The Sudanese protesters continued on Monday to march against the October military coup. The protest action led to the next spiral of arrests, as authorities released some of those held, Reuters reports. The latest demonstrations came one day after UN human rights expert Adama Dieng arrived on his first official visit to Sudan.
Over the months, thousands of Sudanese people protest against the military coup and the call for civilian rule. In October, the military took over the power in the impoverished northeast African nation. Following the coup, a deadly crackdown is shaking the country after the power grab led by army chief Abdel Fattah al-Burhan.
The October coup became Sudan’s latest and sparked wide international condemnation and cuts in aid. According to media reports, at least 82 people have been killed, many of them shot dead, and hundreds wounded by security forces. The latest fatality came on Sunday, the medics said.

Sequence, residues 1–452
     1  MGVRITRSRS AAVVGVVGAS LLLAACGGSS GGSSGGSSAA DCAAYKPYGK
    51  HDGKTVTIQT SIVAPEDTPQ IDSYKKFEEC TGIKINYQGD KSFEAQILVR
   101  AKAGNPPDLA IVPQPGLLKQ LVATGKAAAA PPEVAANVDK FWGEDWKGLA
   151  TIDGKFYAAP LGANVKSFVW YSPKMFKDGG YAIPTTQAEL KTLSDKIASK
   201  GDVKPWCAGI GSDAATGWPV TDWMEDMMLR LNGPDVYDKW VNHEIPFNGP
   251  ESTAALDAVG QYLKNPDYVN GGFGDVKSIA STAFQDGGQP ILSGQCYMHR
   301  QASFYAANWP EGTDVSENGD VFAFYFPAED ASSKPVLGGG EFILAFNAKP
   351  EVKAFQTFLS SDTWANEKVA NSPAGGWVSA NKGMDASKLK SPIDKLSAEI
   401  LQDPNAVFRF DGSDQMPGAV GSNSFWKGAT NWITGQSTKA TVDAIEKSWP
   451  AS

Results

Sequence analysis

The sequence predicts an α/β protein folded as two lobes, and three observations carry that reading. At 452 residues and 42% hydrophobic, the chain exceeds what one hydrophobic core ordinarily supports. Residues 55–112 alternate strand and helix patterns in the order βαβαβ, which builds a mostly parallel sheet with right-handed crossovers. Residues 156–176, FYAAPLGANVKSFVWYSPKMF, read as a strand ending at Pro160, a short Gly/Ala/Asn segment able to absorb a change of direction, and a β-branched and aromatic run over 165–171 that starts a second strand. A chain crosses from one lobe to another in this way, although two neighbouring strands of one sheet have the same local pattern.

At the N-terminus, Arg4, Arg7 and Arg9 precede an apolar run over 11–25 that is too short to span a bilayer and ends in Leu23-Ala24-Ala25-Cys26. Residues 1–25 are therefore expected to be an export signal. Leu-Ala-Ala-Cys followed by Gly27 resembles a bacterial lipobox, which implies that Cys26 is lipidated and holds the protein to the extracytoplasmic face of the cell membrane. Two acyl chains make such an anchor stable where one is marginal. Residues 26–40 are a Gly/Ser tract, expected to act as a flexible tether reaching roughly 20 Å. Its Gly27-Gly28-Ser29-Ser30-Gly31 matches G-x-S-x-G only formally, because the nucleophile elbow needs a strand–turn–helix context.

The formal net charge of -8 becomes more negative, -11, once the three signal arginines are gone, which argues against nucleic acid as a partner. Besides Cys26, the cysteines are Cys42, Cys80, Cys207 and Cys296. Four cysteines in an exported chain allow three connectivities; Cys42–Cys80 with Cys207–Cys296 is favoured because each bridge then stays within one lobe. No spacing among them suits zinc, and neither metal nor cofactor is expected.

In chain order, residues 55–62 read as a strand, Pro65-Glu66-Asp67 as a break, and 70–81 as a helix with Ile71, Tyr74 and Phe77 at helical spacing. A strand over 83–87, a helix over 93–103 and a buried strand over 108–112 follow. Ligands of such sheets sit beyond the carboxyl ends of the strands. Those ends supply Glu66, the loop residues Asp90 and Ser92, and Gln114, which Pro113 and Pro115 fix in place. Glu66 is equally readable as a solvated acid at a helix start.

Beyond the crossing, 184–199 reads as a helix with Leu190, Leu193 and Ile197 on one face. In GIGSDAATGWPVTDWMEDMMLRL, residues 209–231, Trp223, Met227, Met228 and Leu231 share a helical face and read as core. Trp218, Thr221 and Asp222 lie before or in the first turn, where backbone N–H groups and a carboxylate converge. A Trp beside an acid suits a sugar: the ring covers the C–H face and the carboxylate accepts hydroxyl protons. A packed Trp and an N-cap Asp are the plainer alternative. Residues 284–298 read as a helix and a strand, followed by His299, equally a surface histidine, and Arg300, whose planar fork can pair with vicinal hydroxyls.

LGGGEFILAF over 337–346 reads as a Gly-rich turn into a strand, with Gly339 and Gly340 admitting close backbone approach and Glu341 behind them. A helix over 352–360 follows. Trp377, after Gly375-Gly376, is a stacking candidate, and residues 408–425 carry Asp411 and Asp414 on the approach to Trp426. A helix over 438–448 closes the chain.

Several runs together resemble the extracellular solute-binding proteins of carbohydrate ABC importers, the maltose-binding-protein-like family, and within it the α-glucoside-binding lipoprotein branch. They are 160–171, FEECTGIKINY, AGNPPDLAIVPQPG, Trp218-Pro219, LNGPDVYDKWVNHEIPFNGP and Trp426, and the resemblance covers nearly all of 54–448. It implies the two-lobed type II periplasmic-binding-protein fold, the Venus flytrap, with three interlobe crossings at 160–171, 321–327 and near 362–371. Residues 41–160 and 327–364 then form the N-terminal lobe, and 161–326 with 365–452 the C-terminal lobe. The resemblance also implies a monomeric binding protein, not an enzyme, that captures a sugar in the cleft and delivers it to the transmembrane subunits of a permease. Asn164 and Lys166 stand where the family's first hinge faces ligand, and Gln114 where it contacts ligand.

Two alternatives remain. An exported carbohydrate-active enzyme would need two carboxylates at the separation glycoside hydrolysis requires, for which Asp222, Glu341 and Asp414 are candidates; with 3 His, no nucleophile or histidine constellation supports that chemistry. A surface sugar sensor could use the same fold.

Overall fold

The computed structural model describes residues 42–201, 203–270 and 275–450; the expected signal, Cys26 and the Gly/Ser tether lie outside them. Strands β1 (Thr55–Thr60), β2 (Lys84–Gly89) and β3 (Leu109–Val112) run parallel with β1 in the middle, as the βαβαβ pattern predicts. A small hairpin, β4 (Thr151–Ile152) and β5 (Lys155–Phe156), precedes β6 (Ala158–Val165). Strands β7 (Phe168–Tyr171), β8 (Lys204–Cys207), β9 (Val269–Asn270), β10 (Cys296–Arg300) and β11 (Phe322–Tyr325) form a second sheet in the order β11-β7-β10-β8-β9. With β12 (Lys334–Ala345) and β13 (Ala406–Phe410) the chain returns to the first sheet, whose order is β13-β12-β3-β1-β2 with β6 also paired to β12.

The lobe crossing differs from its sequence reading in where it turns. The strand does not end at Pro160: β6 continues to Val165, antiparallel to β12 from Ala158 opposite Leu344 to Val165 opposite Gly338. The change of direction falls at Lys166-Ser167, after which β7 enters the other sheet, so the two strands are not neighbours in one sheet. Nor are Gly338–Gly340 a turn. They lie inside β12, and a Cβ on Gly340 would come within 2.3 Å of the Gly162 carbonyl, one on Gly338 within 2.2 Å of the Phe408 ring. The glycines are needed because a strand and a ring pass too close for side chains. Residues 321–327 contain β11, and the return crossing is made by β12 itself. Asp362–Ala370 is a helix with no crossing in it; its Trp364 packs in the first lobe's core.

Commenting on the recent arrests of the activists, a group of anti-coup lawyers said that the number of people detained “has exceeded 200”. As the statement reads, some had been ordered released. Multiple political figures and pro-democracy activists are among those who have been detained.
Sudan: activists called on the military “to go back to the barracks”
Security forces in the capital Khartoum fired tear gas at hundreds of protesters who tried to rally outside the presidential palace, where the ruling Sovereign Council is based along the Nile River, an AFP correspondent said.
The demonstrations take place throughout Sudan, and the protesters called on the military “to go back to the barracks” in the city of Wad Madani, south of Khartoum. In another place, the activists chanted “Civilian is the people’s choice”.
Demonstrators also marched to rally outside a government building in the Red Sea city of Port Sudan but security forces blocked their route with tear gas.
Meantime, the UN human rights expert Adama Dieng is scheduled to meet with senior Sudanese officials and rights defenders.
The October coup derailed a transition to full civilian rule negotiated between military and civilian leaders following the 2019 ouster of strongman president Omar al-Bashir.